Tag Archives: journeys

Doing the right thing even when it’s wrong

So I found out that someone had asked a mutual friend if I ‘done the right thing?’ in dropping my academic load to 0.5 and taking on a 0.5 load in a school. Something about the question bugged me and so I’ve been thinking about it this afternoon. I wanted to work out exactly what it was that was irritating me, I needed to scratch the itch that the question had caused in the back corners of my brain.

After a bit of thought I think I’ve come up with the solution – the reason I’m irritated is that the question implies that there is a guidebook somewhere that gives us the rules on what are the right and wrong moves to make career wise, and as someone who hates the feeling of being trapped in a box, I don’t like this. I’m not convinced that what I’ve done is the right thing (especially not on the days when work is falling down on me from all directions), but all I know is that I am doing the right thing for me at this moment, even if that right thing may turn out to be wrong. Is it a mistake? Who knows, but if it is, then it is my mistake to make and my mistake to learn from.

It might sound ridiculous, but sometimes doing the wrong thing can be so right in so many ways.

I know that dropping a permanent ongoing academic position to 0.5 to teach 0.5 in a school might not be the conventional academic path. I know that a 0.5 job in academia is not really a 0.5 job (my research doesn’t stop just because I’ve worked half a week already, papers from my editorial internship don’t stop needing to be reviewed and my writing doesn’t stop).  Similarly, I know that a 0.5 job in a school isn’t 0.5 either. There are parents that need to be called no matter what day it is, there are classes to be planned, marking to be done, projects to be organized, and all these things creep out to fill up every waking working moment. Some days I look at my ‘to-do’ list and the very sight of it makes me want to crawl back into bed and hide under the doona.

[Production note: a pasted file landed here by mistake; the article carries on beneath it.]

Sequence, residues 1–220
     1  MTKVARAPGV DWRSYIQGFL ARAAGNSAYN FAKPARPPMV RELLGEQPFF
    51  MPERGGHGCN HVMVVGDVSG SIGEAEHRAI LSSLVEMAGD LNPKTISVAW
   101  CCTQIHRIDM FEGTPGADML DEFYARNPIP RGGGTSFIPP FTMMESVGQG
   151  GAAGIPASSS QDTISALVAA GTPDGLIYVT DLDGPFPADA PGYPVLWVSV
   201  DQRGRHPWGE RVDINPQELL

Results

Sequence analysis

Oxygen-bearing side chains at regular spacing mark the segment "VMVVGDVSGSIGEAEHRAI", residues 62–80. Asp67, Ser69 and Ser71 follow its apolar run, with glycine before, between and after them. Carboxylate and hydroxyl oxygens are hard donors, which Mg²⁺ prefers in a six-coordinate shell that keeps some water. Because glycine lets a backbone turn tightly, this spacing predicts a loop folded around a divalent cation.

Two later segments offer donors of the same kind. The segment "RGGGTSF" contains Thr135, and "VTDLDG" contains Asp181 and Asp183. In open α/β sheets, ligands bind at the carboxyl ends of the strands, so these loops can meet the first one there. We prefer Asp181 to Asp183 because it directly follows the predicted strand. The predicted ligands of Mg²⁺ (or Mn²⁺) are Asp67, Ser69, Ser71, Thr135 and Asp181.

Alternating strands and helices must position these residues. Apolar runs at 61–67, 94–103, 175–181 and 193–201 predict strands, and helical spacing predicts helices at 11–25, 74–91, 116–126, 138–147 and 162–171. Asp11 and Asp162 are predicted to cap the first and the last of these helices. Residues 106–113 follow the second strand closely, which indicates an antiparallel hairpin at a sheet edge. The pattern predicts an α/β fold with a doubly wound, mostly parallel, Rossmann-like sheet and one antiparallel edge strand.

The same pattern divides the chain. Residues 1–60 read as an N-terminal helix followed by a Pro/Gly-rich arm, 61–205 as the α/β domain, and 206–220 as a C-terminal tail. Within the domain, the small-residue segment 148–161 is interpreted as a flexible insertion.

Still if I had not decided to do this I would be sitting in my office at uni wondering if my place was there or at school. Now I have a better sense of what my place is (and I’m not telling you the final verdict yet…no spoilers). I get the chance to move between two worlds that I love and in doing so I see things anew.

Returning to school I am reminded of the relentless nature of teaching. Everything is rushed and there is never enough time to do the things that I would like to. More than ever I feel the pressure of implementing a curriculum that has been stripped and pared back to a series of parts, a sequence of identified skills that are decontextualized and which are then tested, categorized and filed away. I have ideas for projects that will enable students to link between big ideas and to represent their knowledge and understanding in creative ways, and I feel trapped by teaching schedules that confine thought and pedagogy to a pre-determined list of tasks to be ticked off and completed. I see parents of year seven students asking for an indication of where their child sits in the class ranking and I wonder when this became the key focus of educational endeavor.  When did ranking become more important than the child’s ability to form relationships, develop independent thought and develop their understanding of who they are in relation to the world?